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Libraries tense: future continuous, 20180318

09cc27eb961f75b95d5ce09ae9e78bff?s=47 ANurnberger
March 18, 2018

Libraries tense: future continuous, 20180318

A consideration of research data management infrastructure and the future of libraries. Presented at the Göttingen e-research alliance/CODATA Pre-RDA Symposium, 'The critical role of university RDM infrastructure in transforming data to knowledge'



March 18, 2018


  1. First, I’d like to thank the organisers for creating this

    event and creating a space for these thoughts, such as they are. Second I’d like to thank each of you for diving into this topic of tense, tension, tenseness with me at this hour, and hopefully cushioned somewhat by the offer of food and drink. Wolfram talked before about universities, and I’ll be talking about libraries. Why libraries? Librareis are often the oranisation that pulls other organisations together around these resources. It is a modern interpretation of the Shelby Foote quote about universities being collections of buildings around a library. So, What is libraries’ tense? What makes libraries tense? 1
  2. Will be…. 2

  3. This is an important space, the future, and the projection

    of our future., According to the theories of noted historian Dr. Hayden White, our future determines the stories we tell about our past, our future allows us to create new meanings for what has come before. Just as new methodologies reveal old secrets hidden in our collections. Just the same, our projections of our future inform which of our characteristics we choose to highlight now, where we put our emphasis. So, when we consider our role in university RDM infrastructure that is transforming data to knowledge, what is the story we are telling about ourselves now that supports that future that we see? 3
  4. At MIT, in our Future of the Libraries report, we

    highlighted these aspects of what we would like our future to look like… open global platform rooted in our shared values and mission; supported by innovative approaches to community and relationships, discovery and use, and stewardship and sustainability; and informed and enabled by an expanded emphasis on research and development. This has had a couple of results… 4
  5. This has had a couple of results, It has caused

    excitement, but it has [click] also caused some to feel tense. Part of this 5
  6. This has had a couple of results, It has caused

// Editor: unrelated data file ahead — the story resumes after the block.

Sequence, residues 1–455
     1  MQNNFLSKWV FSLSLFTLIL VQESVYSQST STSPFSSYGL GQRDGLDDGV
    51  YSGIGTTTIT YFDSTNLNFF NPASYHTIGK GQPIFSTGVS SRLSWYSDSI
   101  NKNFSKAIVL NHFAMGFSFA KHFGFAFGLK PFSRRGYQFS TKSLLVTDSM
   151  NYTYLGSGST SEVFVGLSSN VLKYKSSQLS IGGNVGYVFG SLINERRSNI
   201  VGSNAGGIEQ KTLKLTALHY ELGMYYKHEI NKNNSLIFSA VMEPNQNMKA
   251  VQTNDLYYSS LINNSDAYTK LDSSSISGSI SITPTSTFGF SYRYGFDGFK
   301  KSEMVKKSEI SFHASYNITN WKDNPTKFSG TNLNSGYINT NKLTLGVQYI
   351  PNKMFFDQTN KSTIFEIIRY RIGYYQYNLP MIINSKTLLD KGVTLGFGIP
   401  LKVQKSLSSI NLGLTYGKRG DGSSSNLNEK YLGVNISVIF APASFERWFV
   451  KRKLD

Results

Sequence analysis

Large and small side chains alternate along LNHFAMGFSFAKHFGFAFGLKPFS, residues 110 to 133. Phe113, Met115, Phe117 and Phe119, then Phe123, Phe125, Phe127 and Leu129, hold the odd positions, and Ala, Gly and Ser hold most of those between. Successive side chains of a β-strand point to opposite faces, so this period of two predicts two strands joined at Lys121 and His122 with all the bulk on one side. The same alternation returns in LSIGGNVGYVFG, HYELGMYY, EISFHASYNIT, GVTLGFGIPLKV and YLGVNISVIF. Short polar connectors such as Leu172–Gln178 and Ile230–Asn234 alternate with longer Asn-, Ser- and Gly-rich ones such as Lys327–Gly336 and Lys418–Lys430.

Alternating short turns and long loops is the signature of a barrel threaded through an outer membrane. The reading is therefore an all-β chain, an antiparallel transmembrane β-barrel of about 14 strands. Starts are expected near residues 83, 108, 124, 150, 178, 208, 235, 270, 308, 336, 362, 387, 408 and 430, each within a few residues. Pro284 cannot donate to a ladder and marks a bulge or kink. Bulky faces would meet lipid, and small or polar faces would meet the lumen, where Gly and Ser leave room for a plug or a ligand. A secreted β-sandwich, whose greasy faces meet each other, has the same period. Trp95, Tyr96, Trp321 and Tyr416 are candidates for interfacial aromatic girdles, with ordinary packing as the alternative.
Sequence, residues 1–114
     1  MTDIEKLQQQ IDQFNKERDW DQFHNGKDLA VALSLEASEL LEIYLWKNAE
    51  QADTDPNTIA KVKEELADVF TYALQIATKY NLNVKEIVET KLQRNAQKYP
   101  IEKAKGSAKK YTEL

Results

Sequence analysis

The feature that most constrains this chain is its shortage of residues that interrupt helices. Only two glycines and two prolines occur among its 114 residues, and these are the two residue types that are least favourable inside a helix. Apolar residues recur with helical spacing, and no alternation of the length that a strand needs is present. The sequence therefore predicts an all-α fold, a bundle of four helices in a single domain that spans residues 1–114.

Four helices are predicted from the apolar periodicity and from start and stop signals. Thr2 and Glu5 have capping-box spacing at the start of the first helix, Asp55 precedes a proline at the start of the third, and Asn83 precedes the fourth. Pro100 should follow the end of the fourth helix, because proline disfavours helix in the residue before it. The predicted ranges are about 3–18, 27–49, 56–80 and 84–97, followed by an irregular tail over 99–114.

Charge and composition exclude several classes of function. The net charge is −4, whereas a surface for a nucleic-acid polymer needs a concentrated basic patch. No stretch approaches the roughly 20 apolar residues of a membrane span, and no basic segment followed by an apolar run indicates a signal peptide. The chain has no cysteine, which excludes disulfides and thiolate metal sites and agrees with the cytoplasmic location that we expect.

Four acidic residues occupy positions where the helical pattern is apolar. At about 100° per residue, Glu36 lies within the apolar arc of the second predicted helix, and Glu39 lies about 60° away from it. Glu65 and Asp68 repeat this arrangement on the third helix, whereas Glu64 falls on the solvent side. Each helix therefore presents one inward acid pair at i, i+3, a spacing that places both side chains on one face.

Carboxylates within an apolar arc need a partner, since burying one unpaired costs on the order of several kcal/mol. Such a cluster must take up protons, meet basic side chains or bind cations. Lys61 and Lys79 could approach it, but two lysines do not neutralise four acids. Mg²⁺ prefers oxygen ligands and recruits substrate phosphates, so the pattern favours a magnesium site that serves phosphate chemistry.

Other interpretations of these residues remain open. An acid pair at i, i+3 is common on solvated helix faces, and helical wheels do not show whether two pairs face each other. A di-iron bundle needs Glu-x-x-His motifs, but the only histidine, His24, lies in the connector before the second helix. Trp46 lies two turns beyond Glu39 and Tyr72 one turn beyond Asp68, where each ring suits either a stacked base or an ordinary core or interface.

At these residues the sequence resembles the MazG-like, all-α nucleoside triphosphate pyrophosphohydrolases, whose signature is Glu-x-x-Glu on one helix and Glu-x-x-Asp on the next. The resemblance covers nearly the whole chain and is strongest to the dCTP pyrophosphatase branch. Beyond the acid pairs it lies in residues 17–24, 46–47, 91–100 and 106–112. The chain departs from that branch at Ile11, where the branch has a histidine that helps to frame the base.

excitement, but it has [click] also caused some to feel tense. Some of this is due to that overwhelming question of [x] How 6
  7. This has had a couple of results, It has caused

    excitement, but it has [click] also caused some to feel tense. Some of this is due to that overwhelming question of [x] How 7
  8. And that question of How leads us directly to this

    subject of this symposium, infrastructure and our role as the libraries, in infrastructure. 8
  9. When I think about infrastructure, I like to consider it

    as being made up of three different parts. 9
  10. So, I want to share with you how we are

    thinking about the roles of people, policy and technology within this vision of the future of the libraries, particularly with regard to research data management 10
  11. To my mind, people are the most important part of

    infrastructure. People hold knowledge, people hold culture. It was peter drucker who said that culture eats strategy for breakfast, so no matter what infrastructure you’re building to support which strategy, people will be at the heart of a successful one. 11
  12. In data management services we are focusing on 4 main

    areas, across all levels of the institution Education, a well known two-way street, Outreach & interactions, which includes consultations Research & Sharing and Professional development 12
  13. Education so that we have, things to put on an

    open global platform. Outreach & interactions where we are creating community &relationships, Learning about discovery and reuse, and enabling stewardship and sustainability. Research & sharing so that we can be informed & informing and professional development so that our staff have what they need to successfully innovate. 13
  14. Policy is important, 14

  15. Policy is important, as we can see here, it makes

    a real difference, and no one wants the killbot hellscape that happens when you put people and technology together with poor policy. 15